Glenmeadow to Host Monthly Memory Café, Beginning July 25
Program for people with Alzheimer’s or another dementia will focus on enjoyment and companionship
LONGMEADOW—Glenmeadow will hold its first monthly Memory Café for people with Alzheimer’s or another dementia and their caregivers on Wednesday, July 25 from 1-2:30 p.m.
Caregivers are invited to bring a loved one to the program to enjoy relaxed conversation with others. Light refreshments will be offered.
Future Memory Cafés at Glenmeadow will be held on the fourth Wednesday of the month, at the same time, and Laura Lavoie, director of life enrichment at the life plan community, said an organized activity—such as yoga, a drumming circle or creating a gratitude journal—will be offered.
“The first Memory Café is a welcome and a chance for people to get to know one another,” Lavoie said.
The program is free and open to those in Greater Springfield. For more information or to RSVP, contact Lavoie at 413-355-5905 or email@example.com.
Lavoie said Memory Cafés are offered across the globe; in this region, they are provided through many senior centers or councils on aging. She said the Glenmeadow program will not offer a support group atmosphere, and its focus will not be on medical care.
“It’s a place for people to go with their care partner,” she said. “It’s a place for people to enjoy themselves, reconnect in a supportive atmosphere with one another and also meet others who are experiencing the same thing. It’s a chance for people to focus on gratitude and the positive.”
As part of its strategic plan, Glenmeadow has enhanced its focus on dementia care. The Memory Café is one of several new programs that seek to provide resources and support for people with Alzheimer’s or another dementia and their caregivers.
Glenmeadow’s Caregivers Support Group is offered monthly to professionals and family members who are assisting someone with Alzheimer’s disease or another type of dementia. It continues in July with a meeting on July 3 from 5:30 to 7 p.m. and July 19 from noon to 1 p.m.
The support group is also open to the public; meetings are held monthly at 24 Tabor Crossing on the first Tuesday and the third Thursday. In August, the group will be held Aug. 7 from 5:30 to 7 p.m. and Aug. 16 from noon to 1 p.m. In September, meetings will be held Sept. 4 from 5:30 to 7 p.m. and Sept. 21 from noon to 1 p.m.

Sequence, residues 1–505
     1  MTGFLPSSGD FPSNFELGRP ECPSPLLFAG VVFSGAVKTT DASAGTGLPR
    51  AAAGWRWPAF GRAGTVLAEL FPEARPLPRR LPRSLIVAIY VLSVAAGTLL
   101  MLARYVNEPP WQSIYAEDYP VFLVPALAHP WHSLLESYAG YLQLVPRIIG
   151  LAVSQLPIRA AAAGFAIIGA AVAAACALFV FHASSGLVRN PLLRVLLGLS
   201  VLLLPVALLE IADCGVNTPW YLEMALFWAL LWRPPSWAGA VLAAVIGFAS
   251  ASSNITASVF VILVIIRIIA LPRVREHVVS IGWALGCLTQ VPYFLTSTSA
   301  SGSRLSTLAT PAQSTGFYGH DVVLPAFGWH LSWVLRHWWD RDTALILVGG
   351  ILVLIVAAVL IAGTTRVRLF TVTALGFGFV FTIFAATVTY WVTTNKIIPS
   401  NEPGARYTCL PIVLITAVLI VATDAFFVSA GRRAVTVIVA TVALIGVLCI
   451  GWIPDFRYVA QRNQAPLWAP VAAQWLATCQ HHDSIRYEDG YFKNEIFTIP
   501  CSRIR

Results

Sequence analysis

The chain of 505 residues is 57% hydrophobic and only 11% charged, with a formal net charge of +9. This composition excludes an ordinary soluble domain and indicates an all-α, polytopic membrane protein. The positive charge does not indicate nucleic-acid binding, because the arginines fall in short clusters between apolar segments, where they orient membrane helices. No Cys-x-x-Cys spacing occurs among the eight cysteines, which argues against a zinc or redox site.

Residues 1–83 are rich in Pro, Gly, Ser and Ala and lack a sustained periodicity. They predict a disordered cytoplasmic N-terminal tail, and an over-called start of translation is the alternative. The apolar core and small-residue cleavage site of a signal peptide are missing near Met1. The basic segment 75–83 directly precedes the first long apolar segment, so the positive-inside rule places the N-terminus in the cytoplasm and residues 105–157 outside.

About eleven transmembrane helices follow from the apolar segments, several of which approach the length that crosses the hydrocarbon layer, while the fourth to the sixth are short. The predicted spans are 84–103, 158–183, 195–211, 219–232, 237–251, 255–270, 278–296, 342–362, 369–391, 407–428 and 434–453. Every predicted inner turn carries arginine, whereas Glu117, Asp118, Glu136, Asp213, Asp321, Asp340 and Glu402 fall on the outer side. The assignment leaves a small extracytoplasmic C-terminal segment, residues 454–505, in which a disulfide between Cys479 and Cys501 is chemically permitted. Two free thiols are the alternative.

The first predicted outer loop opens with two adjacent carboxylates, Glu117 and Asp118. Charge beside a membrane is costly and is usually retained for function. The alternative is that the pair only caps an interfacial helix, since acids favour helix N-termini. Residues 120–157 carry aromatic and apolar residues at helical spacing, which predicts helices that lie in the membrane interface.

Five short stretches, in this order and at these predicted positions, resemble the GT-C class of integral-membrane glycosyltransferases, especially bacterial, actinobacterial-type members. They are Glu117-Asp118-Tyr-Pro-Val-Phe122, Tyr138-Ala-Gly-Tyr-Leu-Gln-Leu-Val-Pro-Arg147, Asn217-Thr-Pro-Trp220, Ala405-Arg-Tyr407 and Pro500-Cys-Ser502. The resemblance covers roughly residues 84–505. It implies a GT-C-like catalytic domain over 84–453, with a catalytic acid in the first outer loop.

“We have made a commitment to offering more programs that are dementia-focused,” Lavoie said. “We are trying to support people living with dementia and their families.”
Glenmeadow is also part of the Dementia Friendly Longmeadow initiative, through which varying programs are held throughout the year in Longmeadow.
Established in 1884, Glenmeadow is a nonprofit, accredited life plan community; it provides independent and assisted living at its campus at 24 Tabor Crossing in Longmeadow and expanded Glenmeadow at Home services throughout greater Springfield.
To learn more about Glenmeadow and its history and offerings, visit www.glenmeadow.org.
In the 1800s, elderly individuals without family or means were sent to live at what was called “the poor farm.” In 1884, a group of civic leaders raised funds among themselves and other area families and purchased a house on Main Street in Springfield’s south end, establishing The Springfield Home for Aged Women. Quickly outgrowing that house, land was purchased on the corner of Chestnut and Carew streets, where a new home was constructed and opened in 1900. In 1960, the name was changed to Chestnut Knoll, and, in 1992, it began to admit men.
In 1993, the organization purchased a 23-acre parcel in Longmeadow to build a new community that would provide both independent living and assisted living in one building with various common areas. This was a new concept known as a continuing care retirement community. Existing residents from the old Chestnut Knoll property were moved to the new campus in 1997. Shortly after the move, the board voted to change its legal name to Glenmeadow to coincide with the name being used by the developer of the property.
Continuing care retirement communities are now referred to as life plan communities, responding to the needs of the aging population with new opportunities for care, plus creative, educational and personal exploration. Glenmeadow offerings, which include everything from senior living options and handyman services to personal care and travel programs, are provided at its Longmeadow campus and across the region through Glenmeadow at Home. Glenmeadow strives to fulfill its mission of nurturing the whole person in mind, body and spirit.